When it debuted for 1999, the stalwart BMW X5 was the first sporty SUV. The model has remained popular, but it has also become a poster child for the loss of athleticism that has spread throughout the BMW brand in recent years. In our last comparison test, a 2015 model X5 placed last, behind an Audi Q7, a Volvo XC90, and a Range Rover Sport. The X5 was dragged down by its dull driving demeanor, tight third row, and ho-hum design, despite offering a stirring straight-six, expansive outward visibility, and relatively modest mass. The 2019 model now making its debut should maintain those strengths while addressing the outgoing model’s shortcomings.
Six and Eight
The turbocharged inline-six and V-8 engines return. Badge inflation sees the model designation for the six go from 35i to 40i, as it has across the BMW lineup, even though displacement remains at 3.0 liters. Output grows from 300 to 335 horsepower, with torque increasing from 300 to 330 lb-ft. The 4.4-liter V-8 engine in the 50i now makes 456 horsepower (versus 445) and the same 479 lb-ft as before. A diesel model will again be offered, although not until the 2020 model year at the earliest, at which point a plug-in hybrid also will rejoin the lineup. Both engines pair with an eight-speed automatic transmission that gets a wider ratio spread and sends torque to all four wheels. A rear-wheel-drive version may return for 2020.
The exterior dimensions grow slightly larger, but the overall appearance is little changed—BMW no doubt was loath to stray too far from what has been a winning formula. The body is 1.1 inches longer and 1.0 inch taller, while width has grown by 2.6 inches, and the vehicle rides on a 1.6-inch-longer wheelbase. The grille is now deeper and canted slightly forward, with active shutters to aid aerodynamics. It’s flanked by LED headlights, with BMW’s laser lights available as an option. The main body-side crease now hops up over the rear wheels. The taillights have a more three-dimensional appearance than before and are illuminated via LEDs. An available M Sport appearance package brings a restyled front fascia, more-sculpted rocker panels, and body-color and gloss-black trim, along with 20-inch wheels in place of the standard 19s—although buyers can opt up to 21s or 22s.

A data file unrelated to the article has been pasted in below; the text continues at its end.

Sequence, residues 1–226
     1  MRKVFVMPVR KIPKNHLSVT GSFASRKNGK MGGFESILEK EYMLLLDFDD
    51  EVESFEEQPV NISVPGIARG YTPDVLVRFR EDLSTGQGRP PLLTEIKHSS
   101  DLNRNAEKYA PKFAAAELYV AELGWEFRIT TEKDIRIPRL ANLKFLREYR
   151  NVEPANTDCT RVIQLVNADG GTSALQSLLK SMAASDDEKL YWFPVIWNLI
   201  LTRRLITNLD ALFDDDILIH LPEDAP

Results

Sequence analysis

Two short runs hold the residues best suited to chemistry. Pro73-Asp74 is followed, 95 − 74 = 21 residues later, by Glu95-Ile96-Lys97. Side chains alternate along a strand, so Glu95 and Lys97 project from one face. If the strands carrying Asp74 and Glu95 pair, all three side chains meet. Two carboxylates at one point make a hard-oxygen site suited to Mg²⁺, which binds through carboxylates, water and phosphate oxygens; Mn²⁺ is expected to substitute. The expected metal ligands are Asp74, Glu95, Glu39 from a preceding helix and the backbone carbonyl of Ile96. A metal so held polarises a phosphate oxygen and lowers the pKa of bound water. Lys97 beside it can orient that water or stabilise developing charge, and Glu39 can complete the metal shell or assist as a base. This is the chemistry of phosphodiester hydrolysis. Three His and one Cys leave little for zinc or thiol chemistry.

Underneath, the chassis employs standard adaptive dampers and steel springs, with firmer M Sport tuning optional. The next level up is air springs at all four corners—versus the current model’s rear-only setup—to which one can add active anti-roll bars. An available off-road package requires the air springs and includes an electronically controlled limited-slip rear differential along with underbody skid plates. Integral Active Steering (rear-wheel steering) is a stand-alone option.
We’ve seen the vehicle in person, and the front seats are roomy, as is the three-person second row, which can be fitted with power-folding capability. A third-row seat is optional and will be available shortly after launch, although space in the third-row seat doesn’t materially improve. BMW must expect that the new, larger X7 coming later this year will cater to that crowd. The cargo hold does gain a few new tricks, however. The handy two-piece liftgate is retained, but both the upper and lower elements are now power operated, with available hands-free operation. A button at the edge of the drop-down portion can lower the vehicle’s suspension (if equipped with air springs) by 1.6 inches to facilitate loading. Other buttons power-fold the second- and third-row seatbacks on models fitted with the third row. The optional power cargo cover disappears into the floor when not in use—a particularly neat trick.
Standard driver-assist and active-safety features include blind-spot warning, lane-departure warning, forward-collision warning with pedestrian and cyclist detection, automated emergency braking, rear cross-traffic alert, rear-collision warning, and speed-limit recognition. Automated parking is available, and a more capable Driving Assistant Professional package includes upgraded adaptive cruise control that allows for automatic lane-change capability and more hands-free steering than before.